Afghanistan too weak to go after rights violators: Karzai
President Hamid Karzai said yesterday addressing human rights abuses in Afghanistan's violent past would take years with his government still too weak to take on those behind the continuing atrocities.
The president said he had held back on implementing a three-year peace, reconciliation and justice plan that he signed in 2005 "on purpose" to prevent any violent backlash from those behind human rights violations in the past.
"There are tyrants in our land," Karzai said at a meeting of around 200 rights activists and victims of alleged war crimes in this country's three decades of conflict.
"They exist in our political circles, but we must move with lots of caution so as not to cause lots of noises and more human rights violations," he said at the event to mark the 60th anniversary of Universal Declaration of Human Rights.
Former warlords and other people alleged to be linked to murders, rapes, torture and other atrocities in Afghanistan's bloody past hold seats in the administration and democratically elected parliament.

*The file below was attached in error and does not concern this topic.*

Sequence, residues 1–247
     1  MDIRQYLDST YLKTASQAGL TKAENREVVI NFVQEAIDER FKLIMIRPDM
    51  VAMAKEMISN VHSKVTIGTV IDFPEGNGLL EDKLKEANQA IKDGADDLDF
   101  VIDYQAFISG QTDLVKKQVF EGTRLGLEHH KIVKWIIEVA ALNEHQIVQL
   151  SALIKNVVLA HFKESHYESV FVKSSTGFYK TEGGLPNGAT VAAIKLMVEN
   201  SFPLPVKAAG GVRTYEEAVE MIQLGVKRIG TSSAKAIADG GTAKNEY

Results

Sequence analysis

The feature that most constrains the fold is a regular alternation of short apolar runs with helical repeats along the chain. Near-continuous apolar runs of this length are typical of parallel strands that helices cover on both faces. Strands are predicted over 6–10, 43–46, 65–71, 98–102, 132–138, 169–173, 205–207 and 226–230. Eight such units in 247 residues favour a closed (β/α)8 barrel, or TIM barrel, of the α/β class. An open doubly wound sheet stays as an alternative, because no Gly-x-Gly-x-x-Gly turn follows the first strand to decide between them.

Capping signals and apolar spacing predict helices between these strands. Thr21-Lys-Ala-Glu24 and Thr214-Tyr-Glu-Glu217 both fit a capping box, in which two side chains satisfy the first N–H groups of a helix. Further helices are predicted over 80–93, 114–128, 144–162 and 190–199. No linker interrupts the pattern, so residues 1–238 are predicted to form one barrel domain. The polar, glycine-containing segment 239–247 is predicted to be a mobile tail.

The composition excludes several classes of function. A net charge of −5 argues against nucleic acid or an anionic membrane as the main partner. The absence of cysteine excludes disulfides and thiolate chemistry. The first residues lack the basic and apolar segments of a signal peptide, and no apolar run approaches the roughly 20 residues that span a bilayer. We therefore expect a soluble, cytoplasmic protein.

Several people at the meeting, including some claiming to be victims of abuse, demanded Karzai explain why these alleged abusers had not been dealt with and the reconciliation plan acted on.
"Because the power to implement it does not exist in the government," Karzai responded.
"It will take time. We are better than five, six years ago but to bring an ideal justice would maybe take several years, nine, 10 years," said Karzai, who took power six years ago after a US-led invasion toppled the Taliban regime.
The president said rights violations and atrocities were continuing today with his government unable to reach the culprits. He said these included warlords who still hold sway in some areas as well as Taliban insurgents.
"Still there are people -- I don't mean the Taliban -- who by the force of (the) gun, money and political power are stepping on Afghanistan's people's rights," he said.
"There are places where the government can't reach and persuade those still violating human rights."
"The government is better compared to five years ago but there are still places where the government is weak to safeguard the human rights."
The justice plan has a range of provisions, including compensation and documentation of abuses, and also suggests the possibility of prosecution -- a suggestion that has angered many of the men who rights groups say committed abuses.